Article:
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Police, fire departments use translation gadget

CINCINNATI, Dec. 26, 2009 (AP): The Cincinnati Fire Department, Butler County Sheriff's Department and other agencies in southwest Ohio are using a language translation gadget to tackle interactions with people they may have difficulty understanding.

The $1,200 devices were given to local governments by the Latino Educational Assimilation Resource Network Inc., which uses grants to buy the devices at a discount rate.

``We can buy them so much cheaper than the departments can,'' said William Konop, president of the nonprofit group. ``They can save a tremendous amount of time and money. Police departments can really get bogged down trying to find a translator.''

The gadgets enable users to select statements or questions relating to a variety of situations confronted by law enforcement and emergency personnel. The selected communication is then translated aloud into whichever language the user chooses, from Arabic to Chinese to Russian.

For example, the user can say, '``Miranda warning,``' into the device, and it will read out the famous directions about a suspect's constitutional rights in the chosen language.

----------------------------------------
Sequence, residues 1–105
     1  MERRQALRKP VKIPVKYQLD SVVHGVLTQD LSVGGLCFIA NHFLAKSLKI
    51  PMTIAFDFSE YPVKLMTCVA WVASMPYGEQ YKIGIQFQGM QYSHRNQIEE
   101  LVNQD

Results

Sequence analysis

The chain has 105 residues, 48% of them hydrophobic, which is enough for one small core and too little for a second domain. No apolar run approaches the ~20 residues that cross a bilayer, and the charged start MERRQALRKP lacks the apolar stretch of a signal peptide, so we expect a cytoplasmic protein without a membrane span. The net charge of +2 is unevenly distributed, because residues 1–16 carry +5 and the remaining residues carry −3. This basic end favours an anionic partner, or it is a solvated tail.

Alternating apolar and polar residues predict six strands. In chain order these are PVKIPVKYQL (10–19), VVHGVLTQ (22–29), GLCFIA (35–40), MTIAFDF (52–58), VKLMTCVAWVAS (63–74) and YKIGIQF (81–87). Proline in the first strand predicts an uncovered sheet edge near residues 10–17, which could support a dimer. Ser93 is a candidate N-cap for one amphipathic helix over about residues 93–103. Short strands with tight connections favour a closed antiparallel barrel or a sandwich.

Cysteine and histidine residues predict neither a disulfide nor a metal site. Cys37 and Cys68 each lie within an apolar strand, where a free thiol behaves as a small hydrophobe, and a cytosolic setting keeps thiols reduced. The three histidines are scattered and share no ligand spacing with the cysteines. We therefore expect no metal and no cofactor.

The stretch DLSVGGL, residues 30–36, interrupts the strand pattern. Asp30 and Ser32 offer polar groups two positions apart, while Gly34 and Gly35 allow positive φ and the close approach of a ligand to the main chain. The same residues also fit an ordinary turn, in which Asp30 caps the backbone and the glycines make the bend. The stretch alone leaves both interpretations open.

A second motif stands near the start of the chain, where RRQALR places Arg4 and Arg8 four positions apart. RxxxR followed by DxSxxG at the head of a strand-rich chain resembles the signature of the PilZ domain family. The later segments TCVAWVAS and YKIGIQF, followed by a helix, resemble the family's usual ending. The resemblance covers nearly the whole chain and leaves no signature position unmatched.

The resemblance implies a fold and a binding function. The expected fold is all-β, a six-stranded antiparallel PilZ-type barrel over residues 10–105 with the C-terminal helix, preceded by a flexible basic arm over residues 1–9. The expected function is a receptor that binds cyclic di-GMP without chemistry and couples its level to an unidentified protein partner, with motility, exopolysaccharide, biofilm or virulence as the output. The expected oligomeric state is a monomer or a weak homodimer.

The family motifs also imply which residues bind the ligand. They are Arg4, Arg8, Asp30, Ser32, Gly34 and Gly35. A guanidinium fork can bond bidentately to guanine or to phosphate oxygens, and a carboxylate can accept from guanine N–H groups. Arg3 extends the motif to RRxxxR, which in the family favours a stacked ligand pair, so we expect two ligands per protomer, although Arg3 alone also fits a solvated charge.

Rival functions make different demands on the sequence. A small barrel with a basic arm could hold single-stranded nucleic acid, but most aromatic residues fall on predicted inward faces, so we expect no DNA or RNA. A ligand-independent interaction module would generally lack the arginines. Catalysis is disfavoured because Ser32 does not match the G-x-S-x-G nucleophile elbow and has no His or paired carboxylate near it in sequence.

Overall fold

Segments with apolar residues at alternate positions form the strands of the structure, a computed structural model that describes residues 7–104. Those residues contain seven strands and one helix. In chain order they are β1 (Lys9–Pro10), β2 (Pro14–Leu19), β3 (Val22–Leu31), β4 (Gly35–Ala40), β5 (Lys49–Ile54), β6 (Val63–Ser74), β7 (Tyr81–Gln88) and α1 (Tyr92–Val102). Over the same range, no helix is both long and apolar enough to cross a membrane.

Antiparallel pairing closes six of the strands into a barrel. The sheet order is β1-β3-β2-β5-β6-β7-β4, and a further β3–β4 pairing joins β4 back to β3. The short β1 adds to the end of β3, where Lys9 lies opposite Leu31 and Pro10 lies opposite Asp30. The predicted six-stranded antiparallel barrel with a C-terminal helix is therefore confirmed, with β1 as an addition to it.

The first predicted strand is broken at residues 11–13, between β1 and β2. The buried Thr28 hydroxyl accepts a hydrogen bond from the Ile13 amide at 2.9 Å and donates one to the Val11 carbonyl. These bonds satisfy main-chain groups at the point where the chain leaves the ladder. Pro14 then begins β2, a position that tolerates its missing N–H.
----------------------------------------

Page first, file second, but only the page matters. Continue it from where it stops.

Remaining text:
Jail personnel in the Butler County Sheriff's Department have used the device, which they've only had for two weeks, to help book someone who spoke Russian, said Lt. Dennis Adams.

``We've been trying to experiment with them and learn what their capabilities are,'' Adams said. ``This can really assist us when getting the basic information we need from people when they're booked here.''

Beyond making the jobs of officers in difficult situations easier, the devices can also help keep them safe.

The gadget has a loudspeaker that enables users to issue instructions in a particular language from far enough away to avoid potential harm.

``In traffic stops, the officer can use the loudspeaker feature to tell the suspects to put their hands on the wheel or to leave the car,'' said Konop. ``Otherwise, they would have to approach the vehicle. It's much safer to be able to stand back and give commands.''

The Colerain Township Police Department will be ushering the translators into use as soon as more officers can be trained on how to use them.

``With the diversity in our community and I-75, I-74 and U.S. 27 running through it,'' said Chief Dan Meloy, ``we have the possibility of interacting with people speaking many different languages. This device will be a big help.''

Information from: The Cincinnati Enquirer, http://www.enquirer.com






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